*Higher Ground (R)
Kimball's Peak Three
Whether or not America is ready for an inquisitive, empathetic film about Christian fundamentalism, it's got one now from Vera Farmiga, the disarmingly graceful star and first-time director of Higher Ground.
Subject matter aside, our usual movie-industry mathematics suggest a dispiriting equation here: star vehicle plus directorial debut equaling vanity project. In Farmiga's defense, she took the part first, then took the reins after development had stalled, just to get the movie made. Also in her defense, it is a rich and charming and career-advancing piece of work, as much so as any unabashedly personal view of spiritual crisis can be.
Higher Ground was adapted by Tim Metcalfe and Carolyn S. Briggs from Briggs' book, This Dark World: A Memoir of Salvation Found and Lost. Uninterested in raw saintliness or reactionary point-scoring satire, Farmiga governs the proceedings with an equanimous attitude. Faith is a palpable and perpetual force in people's lives, she calmly asserts, and so is doubt.
We first meet our protagonist, Corinne, and her husband Ethan (Joshua Leonard) at a fateful moment in their life together. The film has a way of implying that all their moments are fateful, and it's something to do with generous views of the actors' faces: Farmiga's expectedly luminous, Leonard's half-obscured by beard and sunglasses yet still, importantly, wide open.
This beginning, from which the story rewinds to Corinne's eager churchgoing girlhood (with Farmiga's younger sister Taissa very naturally filling in), also allows a telling glimpse of the couple's evangelical community. We get our bearings by way of a mild aesthetic epiphany: that it's not such a short way to go between today's retro-styled hipsters and your average hippie church circa 1970.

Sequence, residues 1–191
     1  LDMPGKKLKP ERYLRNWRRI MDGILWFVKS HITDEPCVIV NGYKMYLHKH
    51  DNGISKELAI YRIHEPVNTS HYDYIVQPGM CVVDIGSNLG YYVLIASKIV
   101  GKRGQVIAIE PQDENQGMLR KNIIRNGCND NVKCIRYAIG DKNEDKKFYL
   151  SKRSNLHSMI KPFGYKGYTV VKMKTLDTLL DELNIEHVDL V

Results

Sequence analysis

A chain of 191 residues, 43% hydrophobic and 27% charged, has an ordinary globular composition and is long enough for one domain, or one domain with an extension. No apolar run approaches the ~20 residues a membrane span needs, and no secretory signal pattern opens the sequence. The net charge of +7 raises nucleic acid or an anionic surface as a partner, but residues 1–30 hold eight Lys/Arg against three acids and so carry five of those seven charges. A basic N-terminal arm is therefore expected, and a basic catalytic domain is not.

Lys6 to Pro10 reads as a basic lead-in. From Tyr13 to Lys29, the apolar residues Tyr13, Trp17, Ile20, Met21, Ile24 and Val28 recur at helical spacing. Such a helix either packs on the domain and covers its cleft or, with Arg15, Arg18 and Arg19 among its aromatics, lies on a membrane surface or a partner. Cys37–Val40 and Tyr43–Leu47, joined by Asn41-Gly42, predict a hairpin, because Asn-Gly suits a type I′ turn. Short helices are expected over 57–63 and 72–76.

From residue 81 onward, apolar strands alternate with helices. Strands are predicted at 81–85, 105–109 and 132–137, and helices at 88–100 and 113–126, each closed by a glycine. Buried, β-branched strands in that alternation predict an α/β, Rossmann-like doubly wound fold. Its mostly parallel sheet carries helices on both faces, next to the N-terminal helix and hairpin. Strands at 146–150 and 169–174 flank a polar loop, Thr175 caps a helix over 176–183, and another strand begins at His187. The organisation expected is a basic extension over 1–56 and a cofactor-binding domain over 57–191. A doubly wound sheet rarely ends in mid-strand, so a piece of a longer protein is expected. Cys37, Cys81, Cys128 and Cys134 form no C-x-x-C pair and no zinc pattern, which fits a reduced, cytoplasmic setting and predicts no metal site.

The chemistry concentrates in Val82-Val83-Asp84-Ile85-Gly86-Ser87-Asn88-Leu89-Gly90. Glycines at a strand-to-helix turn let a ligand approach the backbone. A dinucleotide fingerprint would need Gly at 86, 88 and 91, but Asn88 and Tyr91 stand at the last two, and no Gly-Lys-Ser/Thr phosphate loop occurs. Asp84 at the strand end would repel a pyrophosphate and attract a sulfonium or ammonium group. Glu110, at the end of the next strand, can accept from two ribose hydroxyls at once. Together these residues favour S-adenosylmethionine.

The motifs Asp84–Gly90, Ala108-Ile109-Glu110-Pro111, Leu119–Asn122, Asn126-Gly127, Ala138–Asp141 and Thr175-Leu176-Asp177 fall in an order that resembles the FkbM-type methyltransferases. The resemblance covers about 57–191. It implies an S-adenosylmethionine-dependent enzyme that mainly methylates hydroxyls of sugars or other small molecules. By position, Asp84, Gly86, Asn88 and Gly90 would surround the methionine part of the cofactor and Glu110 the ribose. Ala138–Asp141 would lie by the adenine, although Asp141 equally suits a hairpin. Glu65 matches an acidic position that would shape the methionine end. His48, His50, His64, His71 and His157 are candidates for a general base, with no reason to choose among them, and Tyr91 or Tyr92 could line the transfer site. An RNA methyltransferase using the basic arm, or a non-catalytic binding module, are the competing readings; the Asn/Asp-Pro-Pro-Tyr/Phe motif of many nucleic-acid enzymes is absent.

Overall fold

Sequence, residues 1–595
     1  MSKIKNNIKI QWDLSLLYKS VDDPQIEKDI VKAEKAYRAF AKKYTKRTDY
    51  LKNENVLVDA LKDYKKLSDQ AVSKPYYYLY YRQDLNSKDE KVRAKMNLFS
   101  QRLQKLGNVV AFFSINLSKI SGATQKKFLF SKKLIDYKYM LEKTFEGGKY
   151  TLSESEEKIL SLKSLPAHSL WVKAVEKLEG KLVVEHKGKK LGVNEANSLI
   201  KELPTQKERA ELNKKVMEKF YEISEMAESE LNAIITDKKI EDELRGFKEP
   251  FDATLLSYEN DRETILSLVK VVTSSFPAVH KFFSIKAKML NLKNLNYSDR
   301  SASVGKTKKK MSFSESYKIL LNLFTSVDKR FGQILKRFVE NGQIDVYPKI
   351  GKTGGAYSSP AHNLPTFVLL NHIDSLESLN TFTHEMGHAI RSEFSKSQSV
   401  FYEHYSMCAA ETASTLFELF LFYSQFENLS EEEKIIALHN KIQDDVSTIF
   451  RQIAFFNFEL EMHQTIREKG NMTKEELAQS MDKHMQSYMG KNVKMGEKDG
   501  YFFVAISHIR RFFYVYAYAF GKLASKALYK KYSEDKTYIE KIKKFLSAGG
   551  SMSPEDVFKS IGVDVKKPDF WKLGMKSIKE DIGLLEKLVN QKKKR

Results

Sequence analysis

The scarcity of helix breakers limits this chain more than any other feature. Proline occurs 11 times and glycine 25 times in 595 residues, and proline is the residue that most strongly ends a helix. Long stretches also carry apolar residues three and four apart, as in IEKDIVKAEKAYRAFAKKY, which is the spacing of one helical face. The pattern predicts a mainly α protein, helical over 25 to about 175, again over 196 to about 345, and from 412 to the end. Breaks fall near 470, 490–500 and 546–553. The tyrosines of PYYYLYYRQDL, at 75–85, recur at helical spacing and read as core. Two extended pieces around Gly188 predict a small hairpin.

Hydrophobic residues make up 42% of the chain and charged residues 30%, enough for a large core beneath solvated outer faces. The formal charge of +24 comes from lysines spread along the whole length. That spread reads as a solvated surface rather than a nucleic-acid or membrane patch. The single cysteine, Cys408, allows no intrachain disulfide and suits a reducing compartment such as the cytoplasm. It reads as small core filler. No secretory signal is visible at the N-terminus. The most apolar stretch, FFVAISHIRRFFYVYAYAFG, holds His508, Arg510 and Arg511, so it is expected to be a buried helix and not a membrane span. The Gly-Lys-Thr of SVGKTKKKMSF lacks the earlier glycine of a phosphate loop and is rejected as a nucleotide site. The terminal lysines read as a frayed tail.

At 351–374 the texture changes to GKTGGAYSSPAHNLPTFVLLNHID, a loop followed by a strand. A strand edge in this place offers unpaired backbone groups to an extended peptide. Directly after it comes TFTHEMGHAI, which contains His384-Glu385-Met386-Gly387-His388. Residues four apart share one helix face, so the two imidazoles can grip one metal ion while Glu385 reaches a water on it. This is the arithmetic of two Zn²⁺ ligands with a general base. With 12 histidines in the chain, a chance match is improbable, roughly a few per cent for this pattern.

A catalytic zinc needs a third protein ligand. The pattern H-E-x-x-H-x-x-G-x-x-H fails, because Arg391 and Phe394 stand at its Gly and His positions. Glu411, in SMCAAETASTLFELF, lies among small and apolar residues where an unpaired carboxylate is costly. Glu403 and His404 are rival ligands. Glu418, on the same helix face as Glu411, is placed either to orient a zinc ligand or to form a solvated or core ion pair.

In other words, if some of these folks seem a little like poseurs, well, don't we all seek approval once in a while? There's something touching about the steady effort they make to fit in, and functionally useful, too: Higher Ground unfolds as a description of the challenges posed by critical thinking to one well-behaved woman's increasingly uncertain faith.
The filmmaker, bless her, remains ever-receptive. If the usual easygoing exactitude of her acting is less evident in her direction, that may just be a matter of more practice; as creative expressions go, film production doesn't often encourage succinctness.
Farmiga knows the game at least well enough to not seem like a rookie. It's in the faces, yes — her fine and shrewdly chosen supporting cast includes John Hawkes, Bill Irwin and Donna Murphy — but also in having a sense of how to play things verbally, how to talk things through.
Higher Ground has its share of sermons, but the emphasis is on personal conversation, particularly between Corinne and her best friend Annika (Dagmara Dominczyk), a confidante. We learn a lot when the rowdy, randy lingua franca of their girl-talk has translation issues with the trickery of tongues.
In envy of Annika's Pentecostal muttering, Corinne shuts herself in the bathroom and lets loose a marvelous inversion of the De Niro mirror standoff from Taxi Driver. Here we see not a heart forcing itself to close down, but rather the opposite, and the funny, savory irony of Corinne's entreaties to the man upstairs: You not talkin' to me?
So proud of you Catherine!!! I knew you could do it!!!
I read an early draft of Ghostland in 2014 that was written by Jon Orr…